Work Out Bootcamp Style
January 27, 2009
Have you ever watched The Biggest Loser TV show? If it reminds you of the military, you are not alone. The instructors seem relentless but they get results, just like drill sergeants in the military. This type of workout is called a boot camp workout and it does work.
Why would anyone want to do such a thing? Boot camp workouts get results, plain and simple. The combination of calisthenics and muscle building exercises done in rapid succession over a short period of time brings the positive outcome that many fitness programs don’t. You may feel like your heart is ready to leap out of your chest but the workout is changing your body.
Boot camp workouts are offered at gyms, private studios, and on DVDs you can work along with at home. If you are new to boot camp workouts but willing to try them, get instruction from a gym or sign up for private classes. The workouts are intense and before starting any workout program, get checked out by a doctor to make sure you are up for it.
The high intensity of these workouts is what draws people to them. If you are physically able to handle the workout, you will get an education in military style exercise. The challenge is being able to make it through the entire class. Moves in these types of fitness routines include drills like mountain climbers, pushups, jumping jacks, running laps, and much more.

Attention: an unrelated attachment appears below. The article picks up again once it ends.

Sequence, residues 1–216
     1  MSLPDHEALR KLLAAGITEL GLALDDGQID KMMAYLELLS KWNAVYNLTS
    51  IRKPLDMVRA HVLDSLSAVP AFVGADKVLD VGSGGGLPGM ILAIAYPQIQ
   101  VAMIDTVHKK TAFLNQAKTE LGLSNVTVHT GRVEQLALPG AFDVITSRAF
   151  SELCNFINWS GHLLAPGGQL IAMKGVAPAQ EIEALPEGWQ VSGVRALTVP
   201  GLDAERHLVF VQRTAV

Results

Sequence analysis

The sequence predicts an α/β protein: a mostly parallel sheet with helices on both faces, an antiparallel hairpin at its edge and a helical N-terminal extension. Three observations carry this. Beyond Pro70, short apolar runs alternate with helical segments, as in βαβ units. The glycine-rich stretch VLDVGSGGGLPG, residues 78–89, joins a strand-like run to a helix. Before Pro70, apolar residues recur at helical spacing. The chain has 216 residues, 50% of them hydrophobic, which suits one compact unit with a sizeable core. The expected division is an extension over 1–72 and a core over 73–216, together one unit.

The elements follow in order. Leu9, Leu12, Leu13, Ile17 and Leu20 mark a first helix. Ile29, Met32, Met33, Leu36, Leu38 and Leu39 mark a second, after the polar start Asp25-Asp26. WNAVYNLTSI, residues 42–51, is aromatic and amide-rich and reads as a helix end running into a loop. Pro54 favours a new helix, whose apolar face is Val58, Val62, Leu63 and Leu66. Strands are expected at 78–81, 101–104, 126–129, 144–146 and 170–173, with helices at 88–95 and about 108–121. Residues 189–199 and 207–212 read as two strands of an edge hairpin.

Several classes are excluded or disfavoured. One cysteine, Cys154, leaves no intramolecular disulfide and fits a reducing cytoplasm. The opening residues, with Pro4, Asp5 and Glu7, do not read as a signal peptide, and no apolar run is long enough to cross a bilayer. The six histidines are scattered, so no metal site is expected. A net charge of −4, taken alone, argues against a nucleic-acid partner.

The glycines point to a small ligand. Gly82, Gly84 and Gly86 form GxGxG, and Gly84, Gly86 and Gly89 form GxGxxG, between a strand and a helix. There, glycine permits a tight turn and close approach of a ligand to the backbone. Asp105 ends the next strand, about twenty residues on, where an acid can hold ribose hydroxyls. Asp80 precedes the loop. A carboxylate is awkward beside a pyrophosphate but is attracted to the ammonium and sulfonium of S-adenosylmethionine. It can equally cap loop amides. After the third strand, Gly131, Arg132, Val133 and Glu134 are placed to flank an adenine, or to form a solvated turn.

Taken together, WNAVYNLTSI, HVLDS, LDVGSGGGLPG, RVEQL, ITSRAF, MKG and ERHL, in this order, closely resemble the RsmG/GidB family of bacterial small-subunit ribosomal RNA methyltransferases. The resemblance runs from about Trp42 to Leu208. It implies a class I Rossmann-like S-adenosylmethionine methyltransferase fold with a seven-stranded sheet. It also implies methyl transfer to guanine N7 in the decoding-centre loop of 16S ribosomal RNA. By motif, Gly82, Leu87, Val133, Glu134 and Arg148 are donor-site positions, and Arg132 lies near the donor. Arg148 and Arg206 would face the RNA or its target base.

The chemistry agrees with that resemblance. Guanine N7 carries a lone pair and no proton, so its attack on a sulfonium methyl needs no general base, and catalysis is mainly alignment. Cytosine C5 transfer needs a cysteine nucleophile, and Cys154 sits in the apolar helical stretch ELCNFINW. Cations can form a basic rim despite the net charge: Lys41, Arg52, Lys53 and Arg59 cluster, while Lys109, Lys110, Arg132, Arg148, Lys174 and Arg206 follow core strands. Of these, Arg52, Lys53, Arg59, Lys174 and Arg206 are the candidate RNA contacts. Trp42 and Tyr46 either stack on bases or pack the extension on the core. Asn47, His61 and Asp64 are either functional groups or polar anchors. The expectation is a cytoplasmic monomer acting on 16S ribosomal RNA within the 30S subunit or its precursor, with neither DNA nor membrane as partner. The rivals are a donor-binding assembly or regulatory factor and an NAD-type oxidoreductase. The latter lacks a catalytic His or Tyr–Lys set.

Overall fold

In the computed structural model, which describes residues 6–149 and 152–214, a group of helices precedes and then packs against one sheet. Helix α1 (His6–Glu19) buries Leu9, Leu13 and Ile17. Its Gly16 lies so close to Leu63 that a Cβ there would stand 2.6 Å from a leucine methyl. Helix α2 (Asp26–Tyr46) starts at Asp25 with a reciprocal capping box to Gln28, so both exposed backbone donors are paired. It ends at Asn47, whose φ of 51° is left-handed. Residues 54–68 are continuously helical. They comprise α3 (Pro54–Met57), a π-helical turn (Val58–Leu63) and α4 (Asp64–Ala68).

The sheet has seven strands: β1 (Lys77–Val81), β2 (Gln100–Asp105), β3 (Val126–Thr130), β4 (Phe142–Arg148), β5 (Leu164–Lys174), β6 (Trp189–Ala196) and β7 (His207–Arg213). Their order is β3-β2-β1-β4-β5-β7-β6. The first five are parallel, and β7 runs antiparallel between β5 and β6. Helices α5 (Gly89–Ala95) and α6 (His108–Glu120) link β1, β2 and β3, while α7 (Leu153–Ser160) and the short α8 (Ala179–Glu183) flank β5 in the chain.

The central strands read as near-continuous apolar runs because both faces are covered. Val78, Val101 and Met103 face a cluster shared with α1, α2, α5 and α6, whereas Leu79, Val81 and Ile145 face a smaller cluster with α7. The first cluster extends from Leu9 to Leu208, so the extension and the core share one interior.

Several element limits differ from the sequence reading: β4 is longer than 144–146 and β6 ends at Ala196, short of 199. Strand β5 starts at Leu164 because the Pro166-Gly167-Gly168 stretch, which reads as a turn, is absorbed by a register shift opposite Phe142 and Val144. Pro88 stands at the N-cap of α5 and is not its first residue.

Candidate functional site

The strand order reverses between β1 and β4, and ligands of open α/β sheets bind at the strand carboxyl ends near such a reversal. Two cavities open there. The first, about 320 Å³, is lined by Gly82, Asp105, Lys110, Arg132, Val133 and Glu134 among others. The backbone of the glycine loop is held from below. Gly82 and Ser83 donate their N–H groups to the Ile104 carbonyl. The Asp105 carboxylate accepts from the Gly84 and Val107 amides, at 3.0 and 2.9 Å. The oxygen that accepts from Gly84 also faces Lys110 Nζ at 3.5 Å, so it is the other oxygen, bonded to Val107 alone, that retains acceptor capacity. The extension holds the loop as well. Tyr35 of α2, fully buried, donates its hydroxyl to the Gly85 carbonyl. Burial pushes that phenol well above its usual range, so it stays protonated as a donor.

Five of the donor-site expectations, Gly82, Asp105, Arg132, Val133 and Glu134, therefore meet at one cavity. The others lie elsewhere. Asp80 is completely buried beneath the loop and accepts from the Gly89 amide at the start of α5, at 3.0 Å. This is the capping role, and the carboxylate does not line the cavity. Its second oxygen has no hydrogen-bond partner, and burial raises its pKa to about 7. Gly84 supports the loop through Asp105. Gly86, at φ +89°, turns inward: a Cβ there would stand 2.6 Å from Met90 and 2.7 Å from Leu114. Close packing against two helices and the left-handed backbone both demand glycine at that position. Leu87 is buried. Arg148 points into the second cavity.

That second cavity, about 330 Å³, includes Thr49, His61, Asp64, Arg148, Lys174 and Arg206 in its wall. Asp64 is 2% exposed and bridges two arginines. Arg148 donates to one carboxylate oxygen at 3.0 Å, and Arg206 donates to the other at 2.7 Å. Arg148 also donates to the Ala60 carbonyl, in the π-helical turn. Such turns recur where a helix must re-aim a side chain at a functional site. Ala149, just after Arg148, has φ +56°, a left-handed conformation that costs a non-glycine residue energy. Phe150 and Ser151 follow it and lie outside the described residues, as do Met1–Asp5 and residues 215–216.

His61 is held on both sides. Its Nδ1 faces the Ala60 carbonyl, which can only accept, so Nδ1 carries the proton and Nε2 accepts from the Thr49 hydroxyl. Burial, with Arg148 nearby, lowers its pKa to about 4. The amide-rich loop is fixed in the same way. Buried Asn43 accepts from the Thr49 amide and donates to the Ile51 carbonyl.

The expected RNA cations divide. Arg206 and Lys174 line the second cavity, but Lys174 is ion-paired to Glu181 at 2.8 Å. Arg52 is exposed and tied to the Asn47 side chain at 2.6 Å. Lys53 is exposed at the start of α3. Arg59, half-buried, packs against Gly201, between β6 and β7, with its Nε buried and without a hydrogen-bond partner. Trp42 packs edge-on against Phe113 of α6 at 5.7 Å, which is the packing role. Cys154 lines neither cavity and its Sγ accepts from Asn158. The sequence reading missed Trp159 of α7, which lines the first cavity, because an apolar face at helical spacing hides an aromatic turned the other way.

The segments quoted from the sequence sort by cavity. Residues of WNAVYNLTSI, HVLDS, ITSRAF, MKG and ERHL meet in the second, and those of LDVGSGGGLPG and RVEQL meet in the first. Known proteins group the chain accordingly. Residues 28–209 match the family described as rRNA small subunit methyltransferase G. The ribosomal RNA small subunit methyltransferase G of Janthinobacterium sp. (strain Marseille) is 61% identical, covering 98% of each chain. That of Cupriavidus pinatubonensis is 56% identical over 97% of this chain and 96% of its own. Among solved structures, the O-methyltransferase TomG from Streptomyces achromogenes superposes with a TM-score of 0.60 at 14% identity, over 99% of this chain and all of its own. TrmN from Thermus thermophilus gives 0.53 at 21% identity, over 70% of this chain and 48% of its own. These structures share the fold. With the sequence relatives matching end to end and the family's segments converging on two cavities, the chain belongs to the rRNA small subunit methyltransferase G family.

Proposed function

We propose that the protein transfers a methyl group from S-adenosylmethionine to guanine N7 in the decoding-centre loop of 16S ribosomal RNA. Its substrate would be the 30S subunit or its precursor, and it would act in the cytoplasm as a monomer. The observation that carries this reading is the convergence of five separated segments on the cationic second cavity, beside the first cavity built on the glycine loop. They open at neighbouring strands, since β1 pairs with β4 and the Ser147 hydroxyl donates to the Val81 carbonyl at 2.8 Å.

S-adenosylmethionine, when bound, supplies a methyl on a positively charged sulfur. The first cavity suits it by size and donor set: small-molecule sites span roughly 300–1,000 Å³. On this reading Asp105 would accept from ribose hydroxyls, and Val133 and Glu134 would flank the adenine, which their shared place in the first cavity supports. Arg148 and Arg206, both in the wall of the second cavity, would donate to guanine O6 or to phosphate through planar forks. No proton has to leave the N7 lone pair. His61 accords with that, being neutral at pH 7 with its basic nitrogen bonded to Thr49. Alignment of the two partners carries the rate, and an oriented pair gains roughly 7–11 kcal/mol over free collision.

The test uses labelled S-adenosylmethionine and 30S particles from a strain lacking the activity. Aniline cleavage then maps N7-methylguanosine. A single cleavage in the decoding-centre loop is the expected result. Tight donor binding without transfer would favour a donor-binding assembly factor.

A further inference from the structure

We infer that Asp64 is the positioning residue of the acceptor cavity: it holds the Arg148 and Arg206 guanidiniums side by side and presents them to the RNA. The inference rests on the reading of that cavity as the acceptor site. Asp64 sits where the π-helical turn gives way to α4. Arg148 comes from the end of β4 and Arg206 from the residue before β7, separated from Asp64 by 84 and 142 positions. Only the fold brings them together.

If you want to try out the workout on a more human friendly level, choose a DVD. Tae Bo® has a boot camp program that uses aerobic boxing and tae kwon do moves in a boot camp fashion to whip your body into shape – fast.
What makes boot camp workouts so challenging (besides the instructor yelling at you) is that most of the exercises use your own body’s weight. The more you weigh, the harder the moves will be. Use your heart rate as a guide in this type of workout program. If you can barely speak, then you can hardly breathe.
Take it down a notch in intensity but continue with the workout as best you can. Stopping encourages you to give up and quit and that’s not the way to achieve better fitness. You may be sore after the first class but continue to attend at least three to five days a week. Most private classes have a set schedule. Even DVD boot camp workouts ask you to follow a certain schedule for best results.
Boot camp workouts are not for the faint of heart. If you doctor says it is okay, your instructor will be sure not one minute of the class is wasted. You may crawl out on your hands and knees, but your body will thank you.
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